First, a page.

Both Dendias and Petsas said Turkey had issued a new Navtex for more research to be carried out in an area they said was over the Greek continental shelf.
“It is obvious that Turkey is investing in escalating tensions,” Dendias said after his meeting with Lavrov, adding he “made it clear that Greece is ready for all contingencies and has no choice but to defend its sovereignty and its sovereign rights.”
Lavrov said all disputes in the region should be “resolved in accordance with international law” and through dialogue.
Both Greece and Turkey have said they are willing to talk, although Greece has said it cannot do so while Turkey continues to prospect for energy reserves in areas claimed by Greece.
Dendias also raised the issue of the sale of weapons systems to Turkey with Lavrov. Last week, Athens called on European countries to halt military exports to Turkey, saying the equipment was being used as a destabilizing factor in the region.
Dendias said he expressed concern to Lavrov over “the particularly negative role Turkey is playing” in efforts to undermine successes against the Daesh group, and accused Turkey of having become “a travel agency for extremists, who are transported to various areas of problems in the region.”
Turkey has been accused of using Syrian mercenaries to boost parties it supports in conflicts in Libya and Nagorno-Karabakh.


New Zealand regulator charges 13 parties over White Island eruption tragedy

Updated 31 sec ago

New Zealand regulator charges 13 parties over White Island eruption tragedy

  • 22 people were killed in last year's surprise eruption on the White Island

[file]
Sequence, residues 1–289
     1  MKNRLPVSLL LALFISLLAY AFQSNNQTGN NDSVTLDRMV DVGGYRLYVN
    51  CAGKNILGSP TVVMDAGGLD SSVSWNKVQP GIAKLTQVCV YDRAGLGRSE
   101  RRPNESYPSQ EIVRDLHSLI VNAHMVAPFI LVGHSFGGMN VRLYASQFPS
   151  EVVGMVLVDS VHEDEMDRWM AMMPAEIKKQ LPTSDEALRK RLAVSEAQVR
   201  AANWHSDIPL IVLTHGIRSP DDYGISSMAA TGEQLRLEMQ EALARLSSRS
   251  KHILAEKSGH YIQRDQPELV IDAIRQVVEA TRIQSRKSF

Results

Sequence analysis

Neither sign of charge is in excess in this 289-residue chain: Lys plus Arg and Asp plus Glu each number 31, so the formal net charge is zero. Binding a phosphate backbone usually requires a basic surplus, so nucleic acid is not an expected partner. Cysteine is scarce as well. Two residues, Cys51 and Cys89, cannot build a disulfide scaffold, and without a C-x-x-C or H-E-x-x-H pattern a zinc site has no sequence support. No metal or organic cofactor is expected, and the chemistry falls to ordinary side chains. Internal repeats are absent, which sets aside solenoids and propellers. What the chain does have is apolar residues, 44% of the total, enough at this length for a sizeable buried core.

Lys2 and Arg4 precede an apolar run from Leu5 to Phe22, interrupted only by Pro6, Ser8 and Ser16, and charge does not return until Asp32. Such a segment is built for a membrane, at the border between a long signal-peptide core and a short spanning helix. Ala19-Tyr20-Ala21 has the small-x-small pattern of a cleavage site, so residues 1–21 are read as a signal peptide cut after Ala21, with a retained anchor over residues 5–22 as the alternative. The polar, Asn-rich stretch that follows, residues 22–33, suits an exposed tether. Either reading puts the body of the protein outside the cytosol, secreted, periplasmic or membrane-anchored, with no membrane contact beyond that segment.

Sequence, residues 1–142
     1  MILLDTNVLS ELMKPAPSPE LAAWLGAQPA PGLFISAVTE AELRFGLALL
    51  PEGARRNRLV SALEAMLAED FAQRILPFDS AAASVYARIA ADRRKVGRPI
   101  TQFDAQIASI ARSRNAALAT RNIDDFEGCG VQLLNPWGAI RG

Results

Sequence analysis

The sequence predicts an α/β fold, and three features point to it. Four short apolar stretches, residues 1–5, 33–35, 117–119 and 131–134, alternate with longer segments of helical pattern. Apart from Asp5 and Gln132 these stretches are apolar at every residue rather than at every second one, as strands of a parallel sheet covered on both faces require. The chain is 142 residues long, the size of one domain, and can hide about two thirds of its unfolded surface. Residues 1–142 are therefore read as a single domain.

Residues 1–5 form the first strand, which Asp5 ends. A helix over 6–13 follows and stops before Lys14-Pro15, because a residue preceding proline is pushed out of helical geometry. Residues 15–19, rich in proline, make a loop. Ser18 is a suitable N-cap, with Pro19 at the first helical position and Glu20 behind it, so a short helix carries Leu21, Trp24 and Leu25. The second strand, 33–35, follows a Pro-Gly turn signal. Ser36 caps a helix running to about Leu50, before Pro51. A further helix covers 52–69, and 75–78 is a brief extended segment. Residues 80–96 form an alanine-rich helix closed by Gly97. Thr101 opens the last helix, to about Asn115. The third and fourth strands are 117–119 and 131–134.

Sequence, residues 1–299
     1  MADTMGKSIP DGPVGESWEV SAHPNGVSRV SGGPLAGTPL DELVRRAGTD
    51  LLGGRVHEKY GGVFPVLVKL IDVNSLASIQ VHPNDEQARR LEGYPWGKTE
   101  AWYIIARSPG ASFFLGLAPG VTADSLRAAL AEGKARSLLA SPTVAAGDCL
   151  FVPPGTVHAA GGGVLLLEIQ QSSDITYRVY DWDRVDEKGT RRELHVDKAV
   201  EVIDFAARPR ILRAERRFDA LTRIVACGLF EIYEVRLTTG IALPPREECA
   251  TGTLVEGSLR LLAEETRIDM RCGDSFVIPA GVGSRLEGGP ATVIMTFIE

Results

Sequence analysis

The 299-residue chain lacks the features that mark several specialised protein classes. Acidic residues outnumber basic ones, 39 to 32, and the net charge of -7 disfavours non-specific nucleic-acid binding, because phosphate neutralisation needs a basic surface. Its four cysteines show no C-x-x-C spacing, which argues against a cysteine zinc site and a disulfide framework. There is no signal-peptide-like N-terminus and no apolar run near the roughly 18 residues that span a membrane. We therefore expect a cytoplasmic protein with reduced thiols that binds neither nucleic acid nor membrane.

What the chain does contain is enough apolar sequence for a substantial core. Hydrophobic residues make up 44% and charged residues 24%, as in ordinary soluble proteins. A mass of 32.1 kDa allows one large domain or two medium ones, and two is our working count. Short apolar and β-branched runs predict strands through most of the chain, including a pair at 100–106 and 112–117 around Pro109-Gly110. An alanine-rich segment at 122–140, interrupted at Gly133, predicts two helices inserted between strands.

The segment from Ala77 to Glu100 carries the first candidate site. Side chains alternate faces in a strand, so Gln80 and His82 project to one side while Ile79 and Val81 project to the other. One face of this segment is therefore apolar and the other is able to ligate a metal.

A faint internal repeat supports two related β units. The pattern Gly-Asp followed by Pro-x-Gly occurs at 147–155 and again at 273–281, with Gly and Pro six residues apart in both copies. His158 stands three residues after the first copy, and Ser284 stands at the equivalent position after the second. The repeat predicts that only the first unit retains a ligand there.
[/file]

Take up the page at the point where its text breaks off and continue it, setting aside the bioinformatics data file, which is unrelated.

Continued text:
WELLINGTON: New Zealand’s workplace regulator will file charges against 13 parties following an investigation into a volcanic eruption on White Island in 2019 which killed 22 people, state broadcaster 1NEWS said on Monday.
A surprise eruption on the White Island, also known by its Maori name of Whakaari, on Dec 9 last year, killed 22 people and injured dozens.
Majority of them were tourists who were part of a cruise ship that was traveling around New Zealand and were from countries like Australia, the United States and Malaysia. There were 47 people on the island when the volcano erupted.
Worksafe, New Zealand’s primary regulator for workplace related incidents, will charge 10 parties under the Health and Safety at Work Act which has a maximum fine of NZ$1.5 million ($1.06 million), the report said.
Three individuals would be charged as directors or individuals who were required to exercise due diligence to ensure the company meets its health and safety obligations. These charges each carry a maximum fine of $300,000, it added.
WorkSafe is not naming those charged as they may seek suppression orders in their first appearance in court on Dec 15, 1NEWS reported.
The coroner is conducting a separate inquiry into the incident. A coronial investigation is automatically triggered in the event of a sudden, violent or unnatural death.
At the time of the eruption questions were raised why people were allowed on the island, a popular destination for day-trippers, given there was reportedly a heightened risk of an eruption.